• 16. Example 1: Results (Legal Address and Password) 33 Apache Struts:Beans www.coreservlets.com Using the JSP 2.0 Expression Language with Struts • Pros – The JSP 2.0 EL is shorter, clearer, and more powerful 20 shorter clearer • Cons – The bean:write tag filters HTML chars – There is no EL equivalent of bean:message h i i l fb – The EL is available only in JSP 2.0 compliant servers • E.g., Tomcat 5 or WebLogic 9, not Tomcat 4 or WebLogic 8.x • JSP 2 0 compliance li h // h 2.0 li list: http://theserverside.com/reviews/matrix.tss id / i / i • To use the EL, use servlet 2.4 version of web.xml: – You also must remove the taglib entries <?xml <? l version="1.0" encoding="ISO-8859-1"?> i "1 0" di "ISO 8859 1"?> <web-app xmlns="http://java.sun.com/xml/ns/j2ee" xmlns:xsi="http://www.w3.org/2001/XMLSchema-instance" xsi:schemaLocation= "http://java sun com/xml/ns/j2ee web-app 2 4 xsd" http://java.sun.com/xml/ns/j2ee web app_2_4.xsd version="2.4"> … </web-app> 34 Apache Struts:Beans www.coreservlets.com
  • 17. Struts Example: Confirmation Page (Classic Style) … Congratulations. You are now signed up for the Single Provider of Alert Memos network! <%@ taglib uri="http://struts.apache.org/tags-bean" prefix="bean" %> <UL> <LI>First name: <bean:write name="contactFormBean" property="firstName"/> <LI>Last name: <bean:write name="contactFormBean" property="lastName"/> <LI>Email address: <bean:write name="contactFormBean" property="email"/> <LI>Fax number: <bean:write name="contactFormBean" property="faxNumber"/> </UL> … 35 Apache Struts:Beans www.coreservlets.com Struts Example: Confirmation Page (JSP 2 0 Style) 2.0 … Congratulations. You are now signed up for the Single Provider of Alert Memos network! <UL> <LI>First name: ${contactFormBean.firstName} <LI>Last name: ${contactFormBean.lastName} <LI>Email address: ${contactFormBean.email} <LI>Fax number: ${contactFormBean.faxNumber} </UL> … 36 Apache Struts:Beans www.coreservlets.com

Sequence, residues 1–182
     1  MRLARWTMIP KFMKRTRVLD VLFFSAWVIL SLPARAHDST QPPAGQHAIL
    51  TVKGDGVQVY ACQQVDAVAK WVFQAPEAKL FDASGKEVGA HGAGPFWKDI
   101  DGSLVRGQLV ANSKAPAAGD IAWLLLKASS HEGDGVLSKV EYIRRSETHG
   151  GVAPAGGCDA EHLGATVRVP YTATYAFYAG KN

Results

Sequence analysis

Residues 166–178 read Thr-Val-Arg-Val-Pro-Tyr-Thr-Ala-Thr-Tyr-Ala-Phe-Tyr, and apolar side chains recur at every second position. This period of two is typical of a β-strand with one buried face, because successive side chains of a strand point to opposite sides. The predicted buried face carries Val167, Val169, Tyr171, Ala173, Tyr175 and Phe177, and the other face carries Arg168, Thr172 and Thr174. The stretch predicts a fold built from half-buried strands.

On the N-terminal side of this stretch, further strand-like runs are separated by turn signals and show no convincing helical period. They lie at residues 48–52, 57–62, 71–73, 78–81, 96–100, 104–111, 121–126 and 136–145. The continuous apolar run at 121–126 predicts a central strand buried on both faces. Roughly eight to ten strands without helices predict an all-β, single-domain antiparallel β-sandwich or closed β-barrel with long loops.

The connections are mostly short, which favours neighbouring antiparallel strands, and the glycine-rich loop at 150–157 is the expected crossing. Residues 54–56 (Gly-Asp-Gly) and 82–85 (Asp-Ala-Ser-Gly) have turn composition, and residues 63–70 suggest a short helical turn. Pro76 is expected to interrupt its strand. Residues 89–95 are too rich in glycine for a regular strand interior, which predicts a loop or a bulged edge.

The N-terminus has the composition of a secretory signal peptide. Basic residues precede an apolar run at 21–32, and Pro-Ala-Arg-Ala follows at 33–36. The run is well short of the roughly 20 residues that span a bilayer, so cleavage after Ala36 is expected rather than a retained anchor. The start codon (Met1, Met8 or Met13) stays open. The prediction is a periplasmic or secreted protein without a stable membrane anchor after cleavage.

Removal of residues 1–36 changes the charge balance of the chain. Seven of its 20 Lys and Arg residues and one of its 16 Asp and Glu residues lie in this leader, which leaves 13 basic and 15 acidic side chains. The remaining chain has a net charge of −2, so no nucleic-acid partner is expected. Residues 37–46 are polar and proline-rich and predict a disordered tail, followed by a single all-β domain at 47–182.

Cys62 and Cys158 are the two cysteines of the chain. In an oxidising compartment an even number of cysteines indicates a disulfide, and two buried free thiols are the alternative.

• 18. Summary y • Struts will automatically create and populate a form bean representing incoming request data – Form beans extend ActionForm and are declared with form-bean in struts-config.xml – Access a form bean by casting the ActionForm argument of execute to the concrete class • Properties that match request p p q params are automatically filled in y – Results beans extend no particular classes • Output bean properties with bean:write – B th form and results beans can be output with Both f d lt b b t t ith bean:write • You can also use the JSP 2.0 expression language if you do not need other Struts capabilities and if you update the web.xml d th St t biliti d d t th b l declaration 37 Apache Struts:Beans www.coreservlets.com © 2010 Marty Hall Questions? Q ti ? Customized Java EE Training: http://courses.coreservlets.com/ Servlets, JSP, JSF 1.x, JSF 2.0, Struts, Ajax, GWT 2.0, GXT, Spring, Hibernate/JPA, Java 5, Java 6. Developed and taught by well-known author and developer. At public venues or onsite at your location.